In return for the officer's transfer of his total assets, the taxpayer relinquished its claim for the $488,010.60. In so doing, of course, there was no passing in a physical sense of a valuable consideration to the officer, but lack of such a passing is immaterial.*fn5 The settlement between the parties was essentially an accord and satisfaction, and the taxpayer's relinquishment of its claim and its acceptance of the assets valued at little more than fifty per cent of the claim was certainly valuable consideration.*fn6 It would be unrealistic to say that the transfer of the insurance policies was gratuitous to the taxpayer. The tax court correctly concluded that the transfer of the policies was for a valuable consideration.*fn7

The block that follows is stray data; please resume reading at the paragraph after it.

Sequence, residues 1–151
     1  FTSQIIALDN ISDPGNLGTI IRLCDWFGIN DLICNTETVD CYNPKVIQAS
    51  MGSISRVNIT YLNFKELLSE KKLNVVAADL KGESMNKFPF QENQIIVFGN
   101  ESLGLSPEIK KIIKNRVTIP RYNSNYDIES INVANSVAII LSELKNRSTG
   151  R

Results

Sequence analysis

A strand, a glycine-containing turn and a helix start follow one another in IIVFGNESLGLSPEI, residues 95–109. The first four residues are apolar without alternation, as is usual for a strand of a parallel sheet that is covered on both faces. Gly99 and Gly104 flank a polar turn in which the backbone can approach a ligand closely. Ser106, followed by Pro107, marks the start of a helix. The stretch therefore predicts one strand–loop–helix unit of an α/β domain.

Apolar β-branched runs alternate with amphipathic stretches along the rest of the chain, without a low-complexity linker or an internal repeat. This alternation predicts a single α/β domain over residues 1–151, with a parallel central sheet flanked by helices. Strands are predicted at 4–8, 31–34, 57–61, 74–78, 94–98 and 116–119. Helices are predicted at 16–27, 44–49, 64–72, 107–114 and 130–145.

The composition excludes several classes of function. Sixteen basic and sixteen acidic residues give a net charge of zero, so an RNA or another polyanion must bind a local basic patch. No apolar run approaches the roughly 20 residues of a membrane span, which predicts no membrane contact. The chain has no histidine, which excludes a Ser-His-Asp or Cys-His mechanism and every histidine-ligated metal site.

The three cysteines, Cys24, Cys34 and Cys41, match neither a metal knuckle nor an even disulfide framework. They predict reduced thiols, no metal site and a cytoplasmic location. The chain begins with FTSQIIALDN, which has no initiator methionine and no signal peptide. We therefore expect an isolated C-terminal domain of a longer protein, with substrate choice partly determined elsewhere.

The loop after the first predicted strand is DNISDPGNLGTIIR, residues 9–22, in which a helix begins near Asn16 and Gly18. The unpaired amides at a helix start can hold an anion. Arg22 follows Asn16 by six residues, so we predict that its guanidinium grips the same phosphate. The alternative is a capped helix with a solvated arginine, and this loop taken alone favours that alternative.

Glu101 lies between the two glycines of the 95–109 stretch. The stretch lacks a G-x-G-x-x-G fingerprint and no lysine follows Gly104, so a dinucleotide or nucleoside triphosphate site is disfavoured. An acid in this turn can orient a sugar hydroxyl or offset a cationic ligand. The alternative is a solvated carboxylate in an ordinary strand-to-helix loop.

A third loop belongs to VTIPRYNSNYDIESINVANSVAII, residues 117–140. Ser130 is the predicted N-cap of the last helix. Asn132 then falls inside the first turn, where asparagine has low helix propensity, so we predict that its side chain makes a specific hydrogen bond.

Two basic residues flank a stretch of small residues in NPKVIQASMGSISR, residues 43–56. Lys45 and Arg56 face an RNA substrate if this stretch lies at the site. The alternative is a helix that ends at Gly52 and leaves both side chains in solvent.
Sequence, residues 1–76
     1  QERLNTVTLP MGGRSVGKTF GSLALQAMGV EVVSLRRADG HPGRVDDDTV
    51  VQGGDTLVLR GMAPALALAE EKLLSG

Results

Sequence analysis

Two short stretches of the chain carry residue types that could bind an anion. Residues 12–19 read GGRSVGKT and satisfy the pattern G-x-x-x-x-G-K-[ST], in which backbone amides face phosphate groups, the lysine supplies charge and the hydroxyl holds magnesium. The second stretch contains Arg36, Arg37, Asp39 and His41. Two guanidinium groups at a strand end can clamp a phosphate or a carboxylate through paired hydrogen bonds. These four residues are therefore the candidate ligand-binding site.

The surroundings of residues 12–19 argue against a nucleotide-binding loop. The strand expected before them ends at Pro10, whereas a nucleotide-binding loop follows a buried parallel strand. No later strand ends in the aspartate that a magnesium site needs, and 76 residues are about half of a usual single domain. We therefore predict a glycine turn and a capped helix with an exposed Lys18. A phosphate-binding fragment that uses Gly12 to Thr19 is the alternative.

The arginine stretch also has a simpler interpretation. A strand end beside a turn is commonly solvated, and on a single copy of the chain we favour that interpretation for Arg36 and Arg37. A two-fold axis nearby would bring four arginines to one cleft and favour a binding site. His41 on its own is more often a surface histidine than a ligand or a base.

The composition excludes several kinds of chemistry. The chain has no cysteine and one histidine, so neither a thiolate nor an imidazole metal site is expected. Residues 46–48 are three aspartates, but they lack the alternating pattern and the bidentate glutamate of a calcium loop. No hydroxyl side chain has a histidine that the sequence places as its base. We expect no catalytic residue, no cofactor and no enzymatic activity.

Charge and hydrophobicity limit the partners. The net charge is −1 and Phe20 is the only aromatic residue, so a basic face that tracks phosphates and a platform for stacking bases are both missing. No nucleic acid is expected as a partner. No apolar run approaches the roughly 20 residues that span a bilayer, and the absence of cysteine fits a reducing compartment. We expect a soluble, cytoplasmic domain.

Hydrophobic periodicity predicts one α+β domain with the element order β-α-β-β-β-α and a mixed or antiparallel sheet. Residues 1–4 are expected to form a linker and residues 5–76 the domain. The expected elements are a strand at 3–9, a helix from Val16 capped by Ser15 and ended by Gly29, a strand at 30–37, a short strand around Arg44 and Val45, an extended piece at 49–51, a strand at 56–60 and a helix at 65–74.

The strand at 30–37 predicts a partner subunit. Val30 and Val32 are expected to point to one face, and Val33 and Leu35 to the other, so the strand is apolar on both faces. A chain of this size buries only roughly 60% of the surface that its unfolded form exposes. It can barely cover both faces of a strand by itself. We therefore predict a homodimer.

The taxpayer's second point is that the $22,500.22 is not income within the meaning of the 16th Amendment. Briefly, the argument is that since the $22,500.22 was a recovery of part of the $488,010.60, it was not income. The taxpayer says that the receipt of the insurance funds was a diminution of loss and relies principally on Bowers v. Kerbaugh-Empire Co., 1926, 271 U.S. 170 at page 175, 46 S. Ct. 449 at page 451, 70 L. Ed. 886, wherein the Supreme Court did make the statement, that "the mere diminution of loss is not gain * * *." But it has been specifically noted by the Supreme Court that this rule does not apply merely because the end result of a transaction or series of transactions extending over a period of years turns out to be a loss.